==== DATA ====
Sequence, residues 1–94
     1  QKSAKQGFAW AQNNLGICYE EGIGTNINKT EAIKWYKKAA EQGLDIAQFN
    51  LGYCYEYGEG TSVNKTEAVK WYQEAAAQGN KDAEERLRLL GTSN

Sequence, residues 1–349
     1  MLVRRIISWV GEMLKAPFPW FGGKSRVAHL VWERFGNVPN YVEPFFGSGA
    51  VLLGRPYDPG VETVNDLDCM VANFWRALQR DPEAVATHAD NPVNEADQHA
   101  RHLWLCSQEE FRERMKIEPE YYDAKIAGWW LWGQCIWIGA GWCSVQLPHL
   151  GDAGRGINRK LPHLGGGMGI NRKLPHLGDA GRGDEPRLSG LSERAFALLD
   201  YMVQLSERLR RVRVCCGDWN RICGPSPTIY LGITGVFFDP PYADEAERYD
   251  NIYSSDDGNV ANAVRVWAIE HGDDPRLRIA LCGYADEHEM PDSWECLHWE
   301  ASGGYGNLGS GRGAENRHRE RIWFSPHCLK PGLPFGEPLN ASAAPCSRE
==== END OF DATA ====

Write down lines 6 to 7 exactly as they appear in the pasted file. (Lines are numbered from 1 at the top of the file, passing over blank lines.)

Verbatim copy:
    51  VLLGRPYDPG VETVNDLDCM VANFWRALQR DPEAVATHAD NPVNEADQHA
   101  RHLWLCSQEE FRERMKIEPE YYDAKIAGWW LWGQCIWIGA GWCSVQLPHL